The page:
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  14. Jason Springs (2009). 'Dismantling the Master's House': Freedom as Ethical Practice in Robert Brandom and Michel Foucault. Journal of Religious Ethics 37 (3):419-448.score: 18.0
    This article makes a case for the capacity of "social practice" accounts of agency and freedom to criticize, resist, and transform systemic forms of power and domination from within the context of religious and political practices and institutions. I first examine criticisms that Michel Foucault's analysis of systemic power results in normative aimlessness, and then I contrast that account with the description of agency and innovative practice that pragmatist philosopher Robert Brandom identifies as "expressive freedom." I argue that (...)
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  15. Mary K. McCurry, Susan M. Hunter Revell & Sr Callista Roy (2010). Knowledge for the Good of the Individual and Society: Linking Philosophy, Disciplinary Goals, Theory, and Practice. Nursing Philosophy 11 (1):42-52.score: 18.0
    Nursing as a profession has a social mandate to contribute to the good of society through knowledge-based practice. Knowledge is built upon theories, and theories, together with their philosophical bases and disciplinary goals, are the guiding frameworks for practice. This article explores a philosophical perspective of nursing's social mandate, the disciplinary goals for the good of the individual and society, and one approach for translating knowledge into practice through the use of a middle-range theory. It is anticipated (...)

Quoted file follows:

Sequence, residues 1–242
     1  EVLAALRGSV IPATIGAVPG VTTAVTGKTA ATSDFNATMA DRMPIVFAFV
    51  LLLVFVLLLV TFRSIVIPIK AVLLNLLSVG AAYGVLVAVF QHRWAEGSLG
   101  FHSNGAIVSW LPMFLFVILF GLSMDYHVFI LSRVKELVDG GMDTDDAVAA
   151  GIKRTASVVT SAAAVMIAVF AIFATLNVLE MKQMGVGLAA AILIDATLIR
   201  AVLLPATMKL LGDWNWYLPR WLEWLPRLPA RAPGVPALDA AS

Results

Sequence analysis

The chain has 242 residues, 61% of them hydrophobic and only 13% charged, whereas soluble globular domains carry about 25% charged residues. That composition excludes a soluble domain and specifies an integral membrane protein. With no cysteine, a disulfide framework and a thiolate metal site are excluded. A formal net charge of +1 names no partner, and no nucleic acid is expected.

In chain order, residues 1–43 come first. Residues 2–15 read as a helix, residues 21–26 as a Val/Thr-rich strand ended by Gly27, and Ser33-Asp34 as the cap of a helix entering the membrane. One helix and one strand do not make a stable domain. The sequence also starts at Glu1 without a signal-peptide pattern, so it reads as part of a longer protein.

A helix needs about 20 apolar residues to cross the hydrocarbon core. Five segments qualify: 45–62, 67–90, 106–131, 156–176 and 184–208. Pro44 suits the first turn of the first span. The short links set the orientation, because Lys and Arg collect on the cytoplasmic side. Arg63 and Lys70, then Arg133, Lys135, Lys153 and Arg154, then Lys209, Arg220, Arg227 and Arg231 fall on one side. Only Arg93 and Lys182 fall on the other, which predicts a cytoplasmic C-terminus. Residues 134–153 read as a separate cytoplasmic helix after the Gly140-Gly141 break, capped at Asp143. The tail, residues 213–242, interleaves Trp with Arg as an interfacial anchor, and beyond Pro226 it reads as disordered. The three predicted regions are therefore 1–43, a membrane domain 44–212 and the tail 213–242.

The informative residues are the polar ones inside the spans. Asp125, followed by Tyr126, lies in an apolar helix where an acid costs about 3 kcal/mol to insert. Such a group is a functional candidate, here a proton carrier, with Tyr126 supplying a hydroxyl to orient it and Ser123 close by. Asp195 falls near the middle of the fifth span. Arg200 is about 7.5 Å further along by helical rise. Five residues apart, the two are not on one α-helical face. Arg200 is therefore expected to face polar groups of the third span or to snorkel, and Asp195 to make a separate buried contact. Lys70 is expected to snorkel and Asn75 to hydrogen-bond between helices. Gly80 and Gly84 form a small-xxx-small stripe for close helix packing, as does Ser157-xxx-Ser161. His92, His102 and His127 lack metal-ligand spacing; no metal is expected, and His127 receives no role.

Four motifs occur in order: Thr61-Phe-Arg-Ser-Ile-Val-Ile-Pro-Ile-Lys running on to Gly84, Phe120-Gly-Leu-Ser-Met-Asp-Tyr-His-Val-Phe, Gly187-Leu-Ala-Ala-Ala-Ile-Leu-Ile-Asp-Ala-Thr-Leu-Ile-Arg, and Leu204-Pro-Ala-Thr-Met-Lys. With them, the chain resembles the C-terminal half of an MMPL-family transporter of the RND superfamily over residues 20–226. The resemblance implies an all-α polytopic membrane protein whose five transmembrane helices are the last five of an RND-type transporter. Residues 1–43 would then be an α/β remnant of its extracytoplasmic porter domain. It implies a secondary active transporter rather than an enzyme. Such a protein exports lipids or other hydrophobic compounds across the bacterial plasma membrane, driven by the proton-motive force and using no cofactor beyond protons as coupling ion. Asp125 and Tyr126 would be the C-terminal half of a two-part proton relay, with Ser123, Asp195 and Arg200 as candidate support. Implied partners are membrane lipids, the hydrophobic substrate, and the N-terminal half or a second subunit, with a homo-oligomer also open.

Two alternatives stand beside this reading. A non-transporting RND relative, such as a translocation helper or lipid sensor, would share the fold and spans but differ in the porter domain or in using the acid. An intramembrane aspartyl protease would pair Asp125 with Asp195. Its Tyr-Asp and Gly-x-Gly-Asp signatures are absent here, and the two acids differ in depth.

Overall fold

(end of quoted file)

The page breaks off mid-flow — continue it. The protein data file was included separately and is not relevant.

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  16. Keqian Xu (2006). 論儒家哲學之“道”的實踐屬性與歷史屬性On the Practice and History Attributes of the “Dao” in the Confucian Philosophy. 學術論壇 Academic Forum, 2006 (11):32-34.score: 18.0
    The important feature of Dao as a philosophic category in early Confucian philosophy is its prominent practical and historical properties, which make it different from those western metaphysic categories. Confucianism emphasizes that the Dao can not be separated with the practice and the history of human being, thus the Tao should be explored in peoples’ social activities and history. They believe that the Tao only lives in the historical tradition and can only be demonstrated by the narrative of history. (...)
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  17. Immanuel Kant (1974). On the Old Saw: That May Be Right in Theory but It Won't Work in Practice. Philadelphia,University of Pennsylvania Press.score: 18.0
    Kant replies to the claim that there is conflict between what moral theory demands and what we can do in practice.
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  18. Zainal Abidin Bagir (2012). Practice and the Agenda of “Islam and Science”. Zygon 47 (2):354-366.score: 18.0